The two ultimate goals of business development are getting and keeping clients. To achieve both goals, an attorney has to have a plan and the patience to play the long game.
One common rule of thumb is that 70% of your new matters will come from existing clients. That means it is easier to get new work from existing clients than it is to get new clients. Too many lawyers take existing clients for granted, assuming that they will not leave. Also, too many lawyers view each matter as an opportunity to maximize revenue in the short term, rather than seeing it as a chance to develop a long-term relationship with a client. After all, in today’s age of firm revenue metrics, where attorneys are evaluated on a yearly or even monthly basis, short-term revenue is often incentivized over long-term revenue.
With existing clients, playing the long game creates relationships that are sticky, stable, and profitable. If a lawyer provides seamless and valuable services, and the client recognizes that, the relationship will last longer. A lawyer has many ways to provide value to a long-term client. Whether a task is simple or complex, it is important to take the stress away from the client by giving them the confidence that you will get it done. The client needs to know that they may call you at any time without a time slip being created. The client needs to know that you can be a resource outside your practice area. Clients do not know lawyers in every discipline, but you do. By referring them to other good counsel, you can make the client happy and create a potential referral source in the attorney you’ve referred.
You can also add value by making sure your invoicing is clear, quick, and fair. Every communication with the client is a business development opportunity, including invoices, which should be sent as soon as practical after the services are provided and describe in detail the services performed. Discount time in the short term to maximize the long-term relationship, but make sure that any discounted time is clearly communicated to the client, so that you are credited for it. You need to make the client’s life easier, and make sure they know you are doing so. Additionally, having this kind of relationship with a client makes it easier to deliver bad news.
The more difficult task of getting new clients also requires a long game. Many lawyers complain that their business development efforts are not quickly bearing fruit. Too many give up or don’t start because of the time investment needed. Others alienate newly acquired clients by attempting to maximize revenue over the short run. Wayne Gretsky once said that he missed every shot he did not take. You will not score a goal on every shot, but you have to make sure you are shooting pucks.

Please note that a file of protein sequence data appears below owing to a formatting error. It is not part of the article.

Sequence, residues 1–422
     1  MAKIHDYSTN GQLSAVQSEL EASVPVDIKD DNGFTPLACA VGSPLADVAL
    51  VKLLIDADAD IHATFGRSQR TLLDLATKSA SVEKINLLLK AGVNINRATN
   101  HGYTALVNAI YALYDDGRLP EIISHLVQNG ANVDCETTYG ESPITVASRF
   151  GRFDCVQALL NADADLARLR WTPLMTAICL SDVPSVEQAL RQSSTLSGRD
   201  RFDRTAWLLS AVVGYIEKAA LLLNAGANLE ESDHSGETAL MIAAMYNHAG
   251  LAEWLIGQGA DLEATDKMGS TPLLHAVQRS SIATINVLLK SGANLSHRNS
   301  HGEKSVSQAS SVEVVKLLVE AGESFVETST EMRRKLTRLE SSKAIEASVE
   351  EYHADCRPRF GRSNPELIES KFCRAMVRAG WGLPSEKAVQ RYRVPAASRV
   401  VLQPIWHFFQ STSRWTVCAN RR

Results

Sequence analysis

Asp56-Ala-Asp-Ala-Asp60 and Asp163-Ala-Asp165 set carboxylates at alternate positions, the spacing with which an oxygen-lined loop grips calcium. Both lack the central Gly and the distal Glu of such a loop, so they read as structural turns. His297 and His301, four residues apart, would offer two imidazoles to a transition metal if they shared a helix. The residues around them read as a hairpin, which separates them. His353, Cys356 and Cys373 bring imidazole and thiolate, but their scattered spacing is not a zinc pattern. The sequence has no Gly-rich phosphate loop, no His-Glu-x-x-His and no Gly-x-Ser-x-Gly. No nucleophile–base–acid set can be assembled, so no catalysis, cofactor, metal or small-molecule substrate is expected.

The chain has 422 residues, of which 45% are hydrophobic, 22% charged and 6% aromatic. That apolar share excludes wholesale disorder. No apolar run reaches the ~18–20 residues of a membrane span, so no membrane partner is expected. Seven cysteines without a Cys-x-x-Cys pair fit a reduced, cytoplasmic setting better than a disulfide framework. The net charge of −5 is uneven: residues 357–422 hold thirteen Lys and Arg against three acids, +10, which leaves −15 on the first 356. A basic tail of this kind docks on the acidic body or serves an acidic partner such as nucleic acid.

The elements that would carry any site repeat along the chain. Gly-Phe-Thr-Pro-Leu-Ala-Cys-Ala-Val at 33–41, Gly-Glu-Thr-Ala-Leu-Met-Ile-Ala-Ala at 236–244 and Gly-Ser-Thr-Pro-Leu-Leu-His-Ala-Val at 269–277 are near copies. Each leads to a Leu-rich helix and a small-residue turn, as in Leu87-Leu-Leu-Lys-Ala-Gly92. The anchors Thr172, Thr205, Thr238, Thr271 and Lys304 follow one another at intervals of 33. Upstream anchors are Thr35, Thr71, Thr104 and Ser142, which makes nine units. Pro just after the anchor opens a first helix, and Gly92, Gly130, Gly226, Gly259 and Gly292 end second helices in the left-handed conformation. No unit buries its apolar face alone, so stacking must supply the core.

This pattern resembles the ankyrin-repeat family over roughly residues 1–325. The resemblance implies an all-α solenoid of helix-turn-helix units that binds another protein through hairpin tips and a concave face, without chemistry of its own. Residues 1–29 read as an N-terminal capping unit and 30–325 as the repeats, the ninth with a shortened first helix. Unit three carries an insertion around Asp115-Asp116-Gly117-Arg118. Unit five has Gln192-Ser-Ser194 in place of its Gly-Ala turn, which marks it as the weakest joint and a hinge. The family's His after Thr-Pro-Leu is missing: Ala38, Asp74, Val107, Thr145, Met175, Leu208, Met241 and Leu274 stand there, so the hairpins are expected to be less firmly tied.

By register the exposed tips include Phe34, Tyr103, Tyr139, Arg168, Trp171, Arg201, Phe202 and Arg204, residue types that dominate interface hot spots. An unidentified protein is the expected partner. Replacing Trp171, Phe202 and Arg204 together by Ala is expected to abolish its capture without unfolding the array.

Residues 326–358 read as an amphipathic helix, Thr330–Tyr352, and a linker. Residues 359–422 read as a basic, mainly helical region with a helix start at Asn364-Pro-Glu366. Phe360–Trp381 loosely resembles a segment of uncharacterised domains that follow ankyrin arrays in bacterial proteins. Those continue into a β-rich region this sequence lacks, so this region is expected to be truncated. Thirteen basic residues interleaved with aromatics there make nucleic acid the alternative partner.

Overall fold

Do not go into the first contact with a potential client assuming you will close the sale. Most marketing theorists say that you need to interact with someone five to nine times to get their business. These interactions or “touches” can occur in-person or electronically. If you go in assuming that you will land the client at the first meeting, you will be disappointed more often than not. You may also risk coming off as pushy or desperate.
At the first meeting, listen before advising. Too many lawyers start selling without taking time to understand the client’s real problems. Ask them about their needs and how their life can be made easier. Ask about their business, as that is always a great ice breaker. Ask them whether they are happy with their current counsel. If they are happy with their current counsel, and happy with the fee structure, then you may want to take a pass on trying to convert them, given that you will have a hard time improving that value quotient. Instead, tell them that if they become unhappy with their current counsel, you will be happy to help them. Also, ask them to think about referring you to their friends and acquaintances. People feel good when they help others. Make sure they know that if they need a lawyer, you can be a referral source for other areas of practice. If you refer them to another lawyer, you will have that lawyer as a potential referral source.
When that first matter from the new client comes in, make it seamless. Do not try to maximize revenue. Instead, focus on making them happy and well served. Whether the client’s legal challenges are simple or difficult, again, make sure to shield them from as much stress as possible by projecting competence and confidence and by communicating clearly.
Developing high-value referral sources also requires a long game. Start by letting other lawyers know that you are a resource, even if they have not yet sent you a referral. And remember that referral sources can come from outside the legal world, as well. We all know the need to network with other lawyers. But it’s also worthwhile to network with accountants, consultants, and anyone else capable of referring clients. Make sure potential referral sources know that if they refer a client to you, you will refer other work back to them. Also, let them know that if they refer a matter to you, you will handle it competently and effectively.
The short game is easy. Treat every relationship transactionally, and you’ll likely make money in the very short term. But play the long game, and you’ll achieve better long-term results and provide better services to your clients.
About the Author
Edward D. Lanquist, Jr. is co-founder of Patterson Intellectual Property Law, an intellectual property and technology law firm based in Nashville, TN. Contact him on Twitter @EdwardLanquist.